Tropical Storm Barbra To Become Hurricane: Will Hawaii See Impacts?

Tropical Storm Barbra has developed in the eastern Pacific and will become a hurricane later today (Monday). TS Barbra is well south of Mexico (see Fig. 1), and currently has maximum sustained winds of 65mph (as of Monday morning) and is rapidly moving W at 21mph. The W to WNW motion is expected to continue thanks to a ridge to the north of the storm (see Fig. 2).

Fig. 1: TS Barbra’s current position
Fig. 2: Current upper-level features creating steering pattern for Barbra

Barbara is expected to intensify over the next week. The storm is currently over anomalously warm waters (see Fig. 3) and will move into an environment with minimal environmental shear (see Fig. 4). This should allow Barbra to quickly intensify. The National Hurricane Center calls for Barbra to become a Category 3 hurricane by Tuesday (see Fig. 5) before a gradual weakening trend occurs.

Fig. 3: Current SST anomalies
Fig. 4: Current wind shear over eastern Pacific
Fig. 5: NHC’s forecast track for Barbra

The weakening trend will be gradual and Barbra is expected to remain a hurricane as it moves west towards Hawaii. It is still too early to determine if Barbra will impact Hawaii. Current guidance does indicate Barbra will be close to the islands in about two weeks. Latest European ensembles spaghetti plots indicate Barbra will track south of the big island (see Fig. 6).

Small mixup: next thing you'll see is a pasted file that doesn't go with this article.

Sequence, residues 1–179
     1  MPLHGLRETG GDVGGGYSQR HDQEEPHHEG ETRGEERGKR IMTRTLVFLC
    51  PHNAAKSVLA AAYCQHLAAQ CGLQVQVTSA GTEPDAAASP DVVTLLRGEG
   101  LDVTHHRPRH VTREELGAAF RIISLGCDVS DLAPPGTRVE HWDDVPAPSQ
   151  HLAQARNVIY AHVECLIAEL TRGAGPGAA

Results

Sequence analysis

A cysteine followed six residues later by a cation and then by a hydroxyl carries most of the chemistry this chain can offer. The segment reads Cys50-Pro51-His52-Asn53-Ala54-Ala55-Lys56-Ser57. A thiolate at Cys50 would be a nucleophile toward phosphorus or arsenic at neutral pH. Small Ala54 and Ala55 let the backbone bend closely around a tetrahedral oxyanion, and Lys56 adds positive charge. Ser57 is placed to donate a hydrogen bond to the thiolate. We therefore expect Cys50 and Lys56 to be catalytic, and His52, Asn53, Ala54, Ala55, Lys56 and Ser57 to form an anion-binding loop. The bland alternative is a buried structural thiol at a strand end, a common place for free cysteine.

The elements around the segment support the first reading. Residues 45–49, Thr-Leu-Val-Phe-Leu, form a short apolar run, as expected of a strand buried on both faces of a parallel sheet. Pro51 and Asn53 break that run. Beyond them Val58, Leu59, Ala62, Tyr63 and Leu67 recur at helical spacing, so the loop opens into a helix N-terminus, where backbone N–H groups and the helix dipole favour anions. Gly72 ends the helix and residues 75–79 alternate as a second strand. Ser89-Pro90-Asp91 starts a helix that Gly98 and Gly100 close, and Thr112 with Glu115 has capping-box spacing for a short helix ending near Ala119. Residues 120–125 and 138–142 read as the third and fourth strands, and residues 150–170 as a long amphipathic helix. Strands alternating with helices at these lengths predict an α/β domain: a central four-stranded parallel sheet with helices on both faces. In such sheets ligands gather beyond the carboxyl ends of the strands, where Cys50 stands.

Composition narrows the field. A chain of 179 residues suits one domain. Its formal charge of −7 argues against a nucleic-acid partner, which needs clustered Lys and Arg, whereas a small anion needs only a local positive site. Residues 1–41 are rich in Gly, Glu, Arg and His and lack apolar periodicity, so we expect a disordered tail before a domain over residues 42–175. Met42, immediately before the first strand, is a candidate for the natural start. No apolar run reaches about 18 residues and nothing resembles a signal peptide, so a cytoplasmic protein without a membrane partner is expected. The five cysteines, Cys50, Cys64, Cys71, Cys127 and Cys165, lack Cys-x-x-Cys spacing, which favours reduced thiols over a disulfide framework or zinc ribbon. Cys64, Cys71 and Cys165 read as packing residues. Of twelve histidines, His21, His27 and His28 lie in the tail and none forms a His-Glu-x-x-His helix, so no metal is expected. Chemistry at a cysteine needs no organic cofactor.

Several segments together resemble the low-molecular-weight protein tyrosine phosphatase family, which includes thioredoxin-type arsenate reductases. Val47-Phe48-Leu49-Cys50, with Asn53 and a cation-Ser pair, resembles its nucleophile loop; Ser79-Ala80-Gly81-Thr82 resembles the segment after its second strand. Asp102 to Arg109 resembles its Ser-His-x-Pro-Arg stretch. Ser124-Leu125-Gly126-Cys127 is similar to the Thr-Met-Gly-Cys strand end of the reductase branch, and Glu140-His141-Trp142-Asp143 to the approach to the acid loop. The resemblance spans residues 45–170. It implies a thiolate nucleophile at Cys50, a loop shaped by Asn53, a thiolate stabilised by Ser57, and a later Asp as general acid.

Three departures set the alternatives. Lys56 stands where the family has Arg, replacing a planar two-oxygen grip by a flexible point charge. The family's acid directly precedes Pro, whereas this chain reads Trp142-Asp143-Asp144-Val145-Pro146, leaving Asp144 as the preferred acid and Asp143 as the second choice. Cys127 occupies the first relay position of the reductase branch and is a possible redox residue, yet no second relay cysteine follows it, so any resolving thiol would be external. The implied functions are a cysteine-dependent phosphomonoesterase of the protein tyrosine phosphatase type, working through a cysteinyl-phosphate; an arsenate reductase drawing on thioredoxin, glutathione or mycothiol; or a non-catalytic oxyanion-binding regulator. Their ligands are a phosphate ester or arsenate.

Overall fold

Fig. 6: Barbra’s spaghetti plots

However, a few members of the spaghetti plot do indicate a farther north track near the big island. Track uncertainty this far out makes it hard to forecast direct impacts on Hawaii but it is something that needs to be monitored closely. Steering patterns appear to guide Barbara towards the islands due to ridging north of the storm (see Fig. 7) , the environmental shear while not ideal will be low enough for Barbra to at least maintain Tropical Storm status (see Fig. 8) and sea-surface temperatures are anomalously warm near Hawaii (see Fig. 3).

Fig. 7: Upper-level features steering Barbra west during the second week of July
Fig. 8: Environmental wind shear during the second week of July

Regardless of direct impacts, the islands can expect a gradual increase in wave heights by the end of the first week of July with significantly larger waves entering week 2 of July (see Fig. 9).

Fig. 9: Wave height for Hawaii during the second week of July

Whether impacts may eventually reach Hawaii after next weekend will depend on the storm’s exact track. Many uncertainties exist so keep checking back for updates.